I searched and searched and searched and never stopped believing that there had to be something greater than me, than us humans. Finally I found a faith that makes sense. A faith that believes that the prophets of all the great religions are manifestations of God and they were all the perfect manifestation for their times. That man is put on earth to learn and practice virtues such as love, honesty, faith, etc. That there is no hell, only degrees of distance and closeness to God/enlightenment. That science and religion are in complete agreement and that “If religious beliefs and opinions are found contrary to the standards of science, they are mere superstitions and imaginations.” It all made perfect sense to me and I believe that Bahá‘u’lláh (the earthly manifestation of God for our time) got it right.

I am going to come right out and say that there are some beliefs in the Bahá’í Faith that I struggle with and some things I seriously question. But as far as I am concerned it is a faith that makes sense and I believe with all of my being that there is a God and that I am finally on the right track. My faith has been shaken again and again and no, I can not explain why bad things happen to good people, why babies starve to death, or use religion to explain away all the pain in this world. That is not for me (or anyone else) in this world to know. I just know what I believe and why.

antimatter's avatar

Oops this tread is not for Pagans….

WillWorkForChocolate's avatar

I was raised Southern Baptist, then began doing a lot of reading and such on my own when I was older, and decided that I am definitely not Southern Baptist, but still a believer. I think I’m kind of a bizarre cross between Christian and Pagan these days.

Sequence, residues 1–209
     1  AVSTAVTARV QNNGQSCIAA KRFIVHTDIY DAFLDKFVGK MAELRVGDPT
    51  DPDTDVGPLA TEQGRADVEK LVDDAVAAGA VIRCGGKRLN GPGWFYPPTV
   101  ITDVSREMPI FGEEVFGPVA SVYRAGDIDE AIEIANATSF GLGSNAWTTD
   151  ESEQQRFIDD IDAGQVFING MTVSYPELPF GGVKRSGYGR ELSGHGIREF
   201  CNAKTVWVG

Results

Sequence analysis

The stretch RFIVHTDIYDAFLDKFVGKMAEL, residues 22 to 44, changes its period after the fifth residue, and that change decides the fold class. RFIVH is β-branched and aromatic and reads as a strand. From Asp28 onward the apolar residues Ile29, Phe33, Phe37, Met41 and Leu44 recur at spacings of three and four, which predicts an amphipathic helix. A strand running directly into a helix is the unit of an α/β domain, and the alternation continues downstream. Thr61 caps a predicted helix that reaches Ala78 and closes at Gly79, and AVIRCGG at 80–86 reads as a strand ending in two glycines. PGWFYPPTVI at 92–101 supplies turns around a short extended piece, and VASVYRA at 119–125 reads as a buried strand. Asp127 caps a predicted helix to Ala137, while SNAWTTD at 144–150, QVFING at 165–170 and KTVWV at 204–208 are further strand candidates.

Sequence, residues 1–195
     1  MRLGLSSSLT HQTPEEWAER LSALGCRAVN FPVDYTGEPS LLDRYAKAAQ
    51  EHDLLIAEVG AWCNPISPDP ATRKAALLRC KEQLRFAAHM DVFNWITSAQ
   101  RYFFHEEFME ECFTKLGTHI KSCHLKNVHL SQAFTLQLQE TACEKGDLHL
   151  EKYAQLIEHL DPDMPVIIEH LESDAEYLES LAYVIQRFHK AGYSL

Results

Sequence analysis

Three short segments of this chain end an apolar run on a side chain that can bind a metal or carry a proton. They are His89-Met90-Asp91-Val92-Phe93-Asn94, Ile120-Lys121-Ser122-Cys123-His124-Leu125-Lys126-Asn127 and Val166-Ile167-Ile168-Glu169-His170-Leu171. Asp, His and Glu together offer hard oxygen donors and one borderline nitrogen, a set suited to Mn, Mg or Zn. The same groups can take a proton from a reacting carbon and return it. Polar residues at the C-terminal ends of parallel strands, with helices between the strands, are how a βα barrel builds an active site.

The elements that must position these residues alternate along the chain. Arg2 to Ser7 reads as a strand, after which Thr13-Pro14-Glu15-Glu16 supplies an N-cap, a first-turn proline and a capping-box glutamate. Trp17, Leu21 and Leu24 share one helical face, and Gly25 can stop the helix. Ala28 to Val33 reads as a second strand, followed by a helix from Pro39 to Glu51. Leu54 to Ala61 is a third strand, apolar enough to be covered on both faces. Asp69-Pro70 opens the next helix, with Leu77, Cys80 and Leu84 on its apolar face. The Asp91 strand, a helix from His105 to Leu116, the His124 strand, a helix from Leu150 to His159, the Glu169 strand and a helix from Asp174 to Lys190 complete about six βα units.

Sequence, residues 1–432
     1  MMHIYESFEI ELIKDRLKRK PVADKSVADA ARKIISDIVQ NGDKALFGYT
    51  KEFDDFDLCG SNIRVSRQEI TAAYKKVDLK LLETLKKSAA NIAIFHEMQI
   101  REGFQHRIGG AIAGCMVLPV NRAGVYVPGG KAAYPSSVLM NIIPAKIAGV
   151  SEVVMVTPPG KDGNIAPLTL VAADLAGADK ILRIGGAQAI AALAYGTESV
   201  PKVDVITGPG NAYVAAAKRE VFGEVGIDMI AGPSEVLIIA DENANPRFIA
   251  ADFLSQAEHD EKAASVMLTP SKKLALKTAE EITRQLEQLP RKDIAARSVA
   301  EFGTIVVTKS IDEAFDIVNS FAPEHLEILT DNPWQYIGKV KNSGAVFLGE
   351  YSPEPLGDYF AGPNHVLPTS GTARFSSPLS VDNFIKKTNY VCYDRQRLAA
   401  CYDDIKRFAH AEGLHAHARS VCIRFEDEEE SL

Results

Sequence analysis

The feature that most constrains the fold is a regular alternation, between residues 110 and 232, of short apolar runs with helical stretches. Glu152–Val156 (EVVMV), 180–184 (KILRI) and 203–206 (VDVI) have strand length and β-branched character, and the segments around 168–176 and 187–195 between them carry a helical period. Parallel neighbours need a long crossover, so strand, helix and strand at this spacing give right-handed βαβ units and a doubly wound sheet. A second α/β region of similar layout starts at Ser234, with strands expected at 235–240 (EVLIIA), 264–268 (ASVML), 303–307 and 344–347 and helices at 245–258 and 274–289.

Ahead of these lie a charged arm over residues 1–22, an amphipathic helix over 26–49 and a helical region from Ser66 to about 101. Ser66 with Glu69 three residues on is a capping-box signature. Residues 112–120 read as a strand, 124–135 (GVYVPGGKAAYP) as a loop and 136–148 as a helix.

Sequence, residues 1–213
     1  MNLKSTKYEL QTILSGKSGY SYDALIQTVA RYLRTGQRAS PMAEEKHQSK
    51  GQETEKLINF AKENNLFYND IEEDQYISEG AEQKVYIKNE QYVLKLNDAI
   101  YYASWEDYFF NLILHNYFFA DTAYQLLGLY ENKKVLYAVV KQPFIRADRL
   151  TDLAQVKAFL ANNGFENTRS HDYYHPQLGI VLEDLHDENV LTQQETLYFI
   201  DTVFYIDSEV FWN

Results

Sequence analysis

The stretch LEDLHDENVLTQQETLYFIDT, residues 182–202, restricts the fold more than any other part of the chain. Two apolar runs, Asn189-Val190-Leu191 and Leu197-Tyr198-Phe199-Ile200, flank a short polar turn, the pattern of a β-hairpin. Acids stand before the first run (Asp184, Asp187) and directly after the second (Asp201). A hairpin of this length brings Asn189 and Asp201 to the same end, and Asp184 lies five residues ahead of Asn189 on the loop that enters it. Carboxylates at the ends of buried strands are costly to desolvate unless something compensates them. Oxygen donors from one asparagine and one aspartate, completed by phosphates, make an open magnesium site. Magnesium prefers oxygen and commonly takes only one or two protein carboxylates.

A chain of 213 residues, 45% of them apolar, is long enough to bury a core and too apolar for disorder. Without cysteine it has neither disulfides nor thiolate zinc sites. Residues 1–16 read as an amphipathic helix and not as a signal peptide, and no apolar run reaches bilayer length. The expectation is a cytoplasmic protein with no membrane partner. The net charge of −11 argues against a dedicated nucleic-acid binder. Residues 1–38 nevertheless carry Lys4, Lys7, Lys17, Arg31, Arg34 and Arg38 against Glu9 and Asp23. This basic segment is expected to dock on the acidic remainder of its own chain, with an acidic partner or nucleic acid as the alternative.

bookish1's avatar

@antimatter, what makes you think that?

LostInParadise's avatar

As an outsider to this discussion, I would like to tack on some other questions, which I do most respectfully. For those who have faith in a particular religion, why did you choose to have faith in that particular religion? Is your religion the same as the one that you were born to? If so, did you ever experience doubt about that particular religion or religion in general?

RandomGirl's avatar

I’m part of a fairly strong Christian family. I’ve gone to church all my life. In 6th and 7th grade, I got rebellious. I had this insatiable desire to get out. I fought against everything. Because of the culture around me, I didn’t vocalize the most rebellious feelings I had, but it was there. Every single time my mom told me to do something, I grumbled about it or thought about how I was “treated like a slave” or something like that. (I wasn’t.) If I had kept going like that, it wouldn’t have been pretty. It was all bottled up inside me, mixed with frustration at my parents’ poor parenting, and my very odd, pessimistic perception of the world. Fighting against my parents’ religious ideas was just a part of that (especially since they’ve really forgotten about why we’re Christians, and they’ve just been going through the motions for years now).